Another Federal Election campaign is in the books, and with it a veritable smorgasbord of promises from political parties, all of which were designed to sway voters one way or the other. So who promised the most across the six weeks of the campaign?
Throughout the campaign, Streem tracked the promises made by major parties and key independents, including their value and which portfolio area the promise sat in. All figures have been annualised; that is, if a promise was costed at $10 billion over 10 years, the value recorded is $1 billion. This helps fairly compare one-off projects with longer-term initiatives. Using this data, let’s break down what was promised during the Election.
The biggest splash was made as the campaign kicked off
The first week of the Election campaign was home to the most spending, with promises worth over $123 billion annually made during this first week, more than 2.5x the value of the next-highest week:
|Week||Value of promises|
The quietest week, in terms of spending, was the last week of the campaign, with just $3.1 billion in spending commitments made, reflecting the need to get promises in front of voters early, due to extensive pre-polling and postal voting.
The Greens led the spending, but the Coalition made the most commitments
With promises including free university and adding dental to Medicare, The Greens comfortably led as the biggest spenders of the Election campaign, making commitments worth over $163 billion, almost 4x the value of the pledges made by the second-biggest spenders, the Coalition:
|Party||Value of promises|
In terms of the number of promises made, the Coalition made the most individual Election commitments with 359, about 50% ahead of Labor’s 233 promises:
|Party||Number of promises|
Education and Employment the most costly, but Sport secures the most promises
With promises worth over $80 billion made during the campaign, more money was committed to the Education, Skills and Employment portfolio than any other, by almost a factor of two:
|Portfolio||Value of promises|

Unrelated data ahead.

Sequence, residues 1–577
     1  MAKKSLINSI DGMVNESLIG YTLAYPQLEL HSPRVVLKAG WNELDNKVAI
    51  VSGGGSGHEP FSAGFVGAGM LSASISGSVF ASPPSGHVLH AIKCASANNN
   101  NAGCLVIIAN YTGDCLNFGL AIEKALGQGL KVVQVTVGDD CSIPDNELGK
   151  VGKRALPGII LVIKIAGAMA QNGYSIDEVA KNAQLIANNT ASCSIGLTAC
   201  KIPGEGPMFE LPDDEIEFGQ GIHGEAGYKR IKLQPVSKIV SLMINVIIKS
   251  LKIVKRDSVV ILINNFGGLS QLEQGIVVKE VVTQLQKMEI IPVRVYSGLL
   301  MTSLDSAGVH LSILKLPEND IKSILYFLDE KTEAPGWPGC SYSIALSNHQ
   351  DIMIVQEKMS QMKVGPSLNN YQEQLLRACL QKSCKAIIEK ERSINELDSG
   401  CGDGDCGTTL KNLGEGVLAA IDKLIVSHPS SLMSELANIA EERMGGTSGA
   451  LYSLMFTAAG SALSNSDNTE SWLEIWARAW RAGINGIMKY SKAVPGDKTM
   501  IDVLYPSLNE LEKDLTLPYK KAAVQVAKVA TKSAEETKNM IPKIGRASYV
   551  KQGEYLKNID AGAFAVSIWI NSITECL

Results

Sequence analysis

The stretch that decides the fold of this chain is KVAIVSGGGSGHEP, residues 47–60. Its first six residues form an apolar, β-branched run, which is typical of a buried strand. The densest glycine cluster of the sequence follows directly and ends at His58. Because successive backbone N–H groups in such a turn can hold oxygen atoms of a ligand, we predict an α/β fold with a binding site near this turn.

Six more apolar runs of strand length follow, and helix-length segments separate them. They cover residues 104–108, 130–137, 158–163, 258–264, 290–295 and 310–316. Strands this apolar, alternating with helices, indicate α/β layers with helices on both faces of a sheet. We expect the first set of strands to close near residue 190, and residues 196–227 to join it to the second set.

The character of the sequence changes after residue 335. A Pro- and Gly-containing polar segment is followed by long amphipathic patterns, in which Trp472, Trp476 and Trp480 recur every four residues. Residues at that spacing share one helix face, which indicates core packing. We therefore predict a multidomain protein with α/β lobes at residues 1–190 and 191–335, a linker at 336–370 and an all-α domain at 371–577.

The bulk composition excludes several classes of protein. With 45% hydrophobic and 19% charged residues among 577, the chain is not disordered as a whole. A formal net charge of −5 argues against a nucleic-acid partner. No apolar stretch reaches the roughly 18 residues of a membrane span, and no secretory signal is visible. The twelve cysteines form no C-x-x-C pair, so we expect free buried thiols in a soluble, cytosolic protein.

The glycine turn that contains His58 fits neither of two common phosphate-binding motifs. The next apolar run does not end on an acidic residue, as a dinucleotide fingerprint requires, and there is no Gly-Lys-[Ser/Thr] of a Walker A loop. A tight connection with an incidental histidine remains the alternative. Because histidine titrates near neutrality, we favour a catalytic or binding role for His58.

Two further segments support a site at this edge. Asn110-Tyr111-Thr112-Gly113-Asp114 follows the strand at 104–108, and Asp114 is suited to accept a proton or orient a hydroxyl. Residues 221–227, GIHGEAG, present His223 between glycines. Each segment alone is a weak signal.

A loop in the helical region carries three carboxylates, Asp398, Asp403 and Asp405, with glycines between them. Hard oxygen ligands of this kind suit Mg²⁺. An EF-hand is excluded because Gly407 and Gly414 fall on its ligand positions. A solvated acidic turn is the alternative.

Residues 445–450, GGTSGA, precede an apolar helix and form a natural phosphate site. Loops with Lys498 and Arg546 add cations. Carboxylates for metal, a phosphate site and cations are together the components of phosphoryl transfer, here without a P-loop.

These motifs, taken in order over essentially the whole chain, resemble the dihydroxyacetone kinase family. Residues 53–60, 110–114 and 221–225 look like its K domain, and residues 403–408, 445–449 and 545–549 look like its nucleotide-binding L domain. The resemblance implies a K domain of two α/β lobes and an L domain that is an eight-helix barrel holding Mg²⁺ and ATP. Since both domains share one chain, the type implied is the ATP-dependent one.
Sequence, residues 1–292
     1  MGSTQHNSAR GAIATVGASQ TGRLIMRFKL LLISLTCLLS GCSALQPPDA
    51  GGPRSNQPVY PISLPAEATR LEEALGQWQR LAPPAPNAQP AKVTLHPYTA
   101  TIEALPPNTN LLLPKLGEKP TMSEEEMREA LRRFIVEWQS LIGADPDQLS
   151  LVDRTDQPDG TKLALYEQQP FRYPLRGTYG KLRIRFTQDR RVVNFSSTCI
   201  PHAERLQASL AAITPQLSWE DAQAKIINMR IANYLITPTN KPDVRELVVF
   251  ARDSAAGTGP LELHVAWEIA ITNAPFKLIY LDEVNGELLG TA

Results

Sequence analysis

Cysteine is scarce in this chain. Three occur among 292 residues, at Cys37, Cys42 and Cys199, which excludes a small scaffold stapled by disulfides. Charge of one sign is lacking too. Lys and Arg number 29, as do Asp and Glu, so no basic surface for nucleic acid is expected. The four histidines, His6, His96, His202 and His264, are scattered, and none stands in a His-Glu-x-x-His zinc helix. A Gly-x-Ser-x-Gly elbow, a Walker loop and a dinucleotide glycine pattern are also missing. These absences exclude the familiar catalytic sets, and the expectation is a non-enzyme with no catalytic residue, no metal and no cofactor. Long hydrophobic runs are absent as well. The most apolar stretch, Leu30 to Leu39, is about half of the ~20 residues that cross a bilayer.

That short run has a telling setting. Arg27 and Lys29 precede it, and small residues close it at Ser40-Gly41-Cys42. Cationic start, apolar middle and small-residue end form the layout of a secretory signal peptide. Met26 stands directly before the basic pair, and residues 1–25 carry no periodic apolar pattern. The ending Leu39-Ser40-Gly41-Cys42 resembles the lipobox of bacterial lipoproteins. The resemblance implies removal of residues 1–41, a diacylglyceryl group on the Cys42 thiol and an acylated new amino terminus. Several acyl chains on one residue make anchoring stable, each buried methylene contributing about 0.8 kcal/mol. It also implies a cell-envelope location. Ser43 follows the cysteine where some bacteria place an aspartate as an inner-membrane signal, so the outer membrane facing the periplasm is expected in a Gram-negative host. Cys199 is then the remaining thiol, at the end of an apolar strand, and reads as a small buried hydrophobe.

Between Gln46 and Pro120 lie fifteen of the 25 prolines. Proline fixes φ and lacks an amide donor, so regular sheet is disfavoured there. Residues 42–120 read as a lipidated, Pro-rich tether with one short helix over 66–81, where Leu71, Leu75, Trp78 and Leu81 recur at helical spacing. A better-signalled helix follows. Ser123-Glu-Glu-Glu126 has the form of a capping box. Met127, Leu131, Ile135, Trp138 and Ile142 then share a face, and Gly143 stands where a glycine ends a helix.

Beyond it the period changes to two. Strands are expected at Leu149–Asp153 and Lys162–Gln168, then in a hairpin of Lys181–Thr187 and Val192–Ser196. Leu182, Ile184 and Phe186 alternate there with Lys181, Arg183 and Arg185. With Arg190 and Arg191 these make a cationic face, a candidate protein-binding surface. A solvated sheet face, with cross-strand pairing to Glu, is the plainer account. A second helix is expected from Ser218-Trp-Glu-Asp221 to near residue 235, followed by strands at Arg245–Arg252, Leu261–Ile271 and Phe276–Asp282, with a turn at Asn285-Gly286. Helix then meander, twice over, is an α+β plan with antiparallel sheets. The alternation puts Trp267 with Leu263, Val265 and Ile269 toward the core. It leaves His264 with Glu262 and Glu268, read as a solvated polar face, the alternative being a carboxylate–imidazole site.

|Education, Skills and Employment||$80,162,722,947|
|Industry, Science, Energy and Resources||$28,232,404,000|
However, thanks to a myriad of promises made to local sporting clubs around Australia, more promises were made in the Sport portfolio than any other, with 158 commitments, ahead of Infrastructure, Transport and Regional Development on 102 promises:
|Portfolio||Number of promises|
|Infrastructure, Transport, Regional Development||102|
|Education, Skills and Employment||66|
The Prime Minister for promises
It’ll be no surprise to learn that former Prime Minister Scott Morrison made the most funding pledges during the Election campaign, with 75 promises directly attributed to Morrison during the campaign. Of those 75 commitments, 16, or about one-fifth, were made under the Infrastructure, Transport and Regional Development portfolio, the most promises made by Morrison in one portfolio.
In second, with 53 promises, was the man who ultimately became Prime Minister at the Election, Anthony Albanese. 12 of his pledges, or about a quarter, were made in the Infrastructure, Transport and Regional Development portfolio, which, as was the case with Scott Morrison, was the portfolio responsible for most of his promises.
|Spokesperson||Number of promises|
With promises totalling north of $141 billion made during the campaign, Greens Leader Adam Bandt was a clear number one when it came to the biggest individual spenders. $39.69 billion of his commitments were made in the Social Services portfolio, his single biggest-spending portfolio.
|Spokesperson||Value of promises|
Promise early, promise local: the trends from the spend
Evaluating the promises made as a whole, two trends are clear: most of the spending commitments were made early in the campaign, and there was a focus on local, relatable announcements, such as funding for local sporting clubs or local infrastructure bottlenecks.
Parties with a smaller footprint often made bigger, more general promises that could apply to a voter anywhere across the country, such as The Greens promising to add dental to Medicare.
You can download a copy of Streem’s Election Promise tracker here, which tallies all promises made during the campaign.
On June 8, join four of Australia’s leading political insiders, Clive Mathieson, Eamonn Fitzpatrick, Annie O’Rourke and Ronald Mizen, to break down what communications and corporate affairs professionals can expect from the new Labor government and expanded crossbench, in a Streem-exclusive webinar.
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